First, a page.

- Article by Architecture Architecture
- Architect Architecture Architecture
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Photography: Peter Bennetts
So what’s changed? The roof remains the same simple A-frame it has always been, the side walls are exactly where we found them, and the floor, predictably, is still under foot. Only this same roof, these walls and that floor have all been stretched towards the backyard. Now stretched, new living areas have opened-up in the spaces between them: a kitchen, a dining room, a study and an outdoor deck.
This extension aims to complete the original house: increasing amenity, improving function and introducing daylight where it was lacking. Rather than building alien boxes onto the back of the house, the new living areas are a seamless extension of the existing ones, stretching and distorting their square geometries out into the backyard.
A straight line can be drawn from the back corner of the living room to the outermost corner of the dining room, connecting the new with the old in one diagonal sweep. Curved walls gently pinch this axis at its centre, while light fittings and a skylight punctuate the ends. This is the first in a series of elongated, diagonal relationships which enhance the impression of spaciousness, both within the house and out into the backyard.
Flanking this internal axis, incomplete walls slip between the rooms, acting to both define and to connect the primary and the secondary spaces. In this way, the kitchen and the study are like spatial eddies to the main living areas; connected, but to one side.
At the end of the axis, the ceiling lifts, exploiting the full height of the A-frame roof and revealing a beautifully crafted plywood vault. Here, the extension is angled towards the north-east, turning from the punishing western sun and creating a longer, diagonal view out into the garden. Timber battens drop-down over the glass to provide shading and custom-designed steel framed windows pivot open, making the window seat a perfect place to sit and enjoy the outlook.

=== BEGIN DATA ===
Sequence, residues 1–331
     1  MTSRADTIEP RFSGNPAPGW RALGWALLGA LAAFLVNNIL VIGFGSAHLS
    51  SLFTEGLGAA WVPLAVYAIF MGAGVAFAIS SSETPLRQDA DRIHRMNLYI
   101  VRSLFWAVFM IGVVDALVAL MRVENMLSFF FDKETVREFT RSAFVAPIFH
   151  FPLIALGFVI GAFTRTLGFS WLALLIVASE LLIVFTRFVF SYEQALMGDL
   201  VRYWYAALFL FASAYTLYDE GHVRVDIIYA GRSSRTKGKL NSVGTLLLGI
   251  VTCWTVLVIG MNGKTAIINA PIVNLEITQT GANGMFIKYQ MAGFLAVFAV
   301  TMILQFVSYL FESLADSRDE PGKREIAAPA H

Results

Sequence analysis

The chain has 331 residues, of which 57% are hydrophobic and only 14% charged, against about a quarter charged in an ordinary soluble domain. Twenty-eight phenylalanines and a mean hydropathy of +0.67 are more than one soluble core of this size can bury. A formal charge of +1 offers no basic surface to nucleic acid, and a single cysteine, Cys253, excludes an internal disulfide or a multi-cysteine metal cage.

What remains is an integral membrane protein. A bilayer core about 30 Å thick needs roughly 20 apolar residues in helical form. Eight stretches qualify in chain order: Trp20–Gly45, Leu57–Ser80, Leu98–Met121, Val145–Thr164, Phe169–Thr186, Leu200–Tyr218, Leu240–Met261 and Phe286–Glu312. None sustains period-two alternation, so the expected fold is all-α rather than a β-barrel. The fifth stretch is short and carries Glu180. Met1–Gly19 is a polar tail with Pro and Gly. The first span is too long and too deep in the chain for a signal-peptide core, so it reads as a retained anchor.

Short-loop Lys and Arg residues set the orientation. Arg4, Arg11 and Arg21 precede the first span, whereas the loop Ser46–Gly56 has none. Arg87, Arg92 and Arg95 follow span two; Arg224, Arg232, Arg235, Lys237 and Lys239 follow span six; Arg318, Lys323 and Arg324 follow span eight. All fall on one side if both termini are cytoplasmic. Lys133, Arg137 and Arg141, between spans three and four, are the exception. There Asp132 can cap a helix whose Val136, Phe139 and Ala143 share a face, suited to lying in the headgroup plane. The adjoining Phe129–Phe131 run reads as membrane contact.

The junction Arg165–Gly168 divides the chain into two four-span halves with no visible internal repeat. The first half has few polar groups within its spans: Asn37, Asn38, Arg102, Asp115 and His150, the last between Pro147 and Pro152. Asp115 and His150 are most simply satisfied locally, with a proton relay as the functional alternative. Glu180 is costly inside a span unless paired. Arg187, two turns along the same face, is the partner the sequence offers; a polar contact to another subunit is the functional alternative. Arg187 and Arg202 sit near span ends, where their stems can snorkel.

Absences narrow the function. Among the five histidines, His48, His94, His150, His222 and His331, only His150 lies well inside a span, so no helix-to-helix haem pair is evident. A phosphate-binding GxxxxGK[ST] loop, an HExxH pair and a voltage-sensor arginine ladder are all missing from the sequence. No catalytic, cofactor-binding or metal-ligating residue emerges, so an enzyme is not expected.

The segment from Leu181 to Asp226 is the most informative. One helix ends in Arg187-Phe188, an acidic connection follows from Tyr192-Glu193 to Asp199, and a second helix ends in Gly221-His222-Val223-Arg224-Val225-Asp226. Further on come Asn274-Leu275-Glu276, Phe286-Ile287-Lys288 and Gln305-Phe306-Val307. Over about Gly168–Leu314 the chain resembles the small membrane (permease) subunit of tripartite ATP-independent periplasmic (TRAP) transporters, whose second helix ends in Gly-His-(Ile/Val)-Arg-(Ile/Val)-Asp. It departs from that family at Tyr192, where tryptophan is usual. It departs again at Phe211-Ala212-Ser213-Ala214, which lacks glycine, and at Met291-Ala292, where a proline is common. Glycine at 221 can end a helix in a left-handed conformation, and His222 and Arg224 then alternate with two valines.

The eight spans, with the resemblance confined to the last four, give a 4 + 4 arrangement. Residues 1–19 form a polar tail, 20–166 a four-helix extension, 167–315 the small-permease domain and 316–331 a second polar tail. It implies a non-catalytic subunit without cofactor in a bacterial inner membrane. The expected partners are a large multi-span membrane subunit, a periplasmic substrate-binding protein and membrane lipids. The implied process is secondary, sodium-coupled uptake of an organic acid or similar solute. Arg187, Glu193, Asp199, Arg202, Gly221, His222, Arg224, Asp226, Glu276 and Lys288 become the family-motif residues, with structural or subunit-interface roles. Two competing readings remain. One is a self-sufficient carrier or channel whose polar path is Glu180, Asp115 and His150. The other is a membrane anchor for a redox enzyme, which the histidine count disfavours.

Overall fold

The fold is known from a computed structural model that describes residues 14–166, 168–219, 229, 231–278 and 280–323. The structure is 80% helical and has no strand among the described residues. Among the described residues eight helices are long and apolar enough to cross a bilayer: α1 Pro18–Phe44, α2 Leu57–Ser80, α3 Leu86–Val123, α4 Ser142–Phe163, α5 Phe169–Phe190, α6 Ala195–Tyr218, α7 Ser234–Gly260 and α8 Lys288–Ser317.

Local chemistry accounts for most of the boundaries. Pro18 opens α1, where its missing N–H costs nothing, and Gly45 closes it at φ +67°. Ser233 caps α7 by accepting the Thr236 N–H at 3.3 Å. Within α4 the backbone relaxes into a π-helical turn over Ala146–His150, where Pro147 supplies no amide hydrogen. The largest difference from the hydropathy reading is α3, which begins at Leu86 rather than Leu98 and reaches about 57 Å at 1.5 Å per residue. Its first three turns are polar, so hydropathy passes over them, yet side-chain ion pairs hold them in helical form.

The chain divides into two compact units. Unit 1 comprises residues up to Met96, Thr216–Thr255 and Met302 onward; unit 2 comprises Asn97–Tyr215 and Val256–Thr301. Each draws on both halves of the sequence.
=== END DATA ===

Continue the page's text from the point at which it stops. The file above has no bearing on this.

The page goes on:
Stepping outside, the transition from Californian bungalow to new addition only becomes apparent when comparing the front and rear facades – the latter, a contemporary distortion of the former. The A-frame is sliced at an angle to optimise orientation; the floor plane continues out into the backyard to create an outdoor deck; the rear façade folds-in, affording shelter over the entry doors; the timber gable drops over the pivot windows like an eyelid, providing shade and shelter to the more exposed spaces within.
Each of these gestures is captured in a charcoal coloured outline: the square line of the deck’s plinth, the cranked line of the walls’ base, and the diagonal line of the fascia above. Completing the outdoor space, simple chain-wire netting – a nod to humble suburban fences and cricket-nets – will provide excellent seasonal shade once the grape vines have matured, softening the exact geometries of this Extension House.
Working with Edra from the start, Italian designer Francesco Binfaré has produced some of the brand's classics, including the recent Pack and Chiara sofa.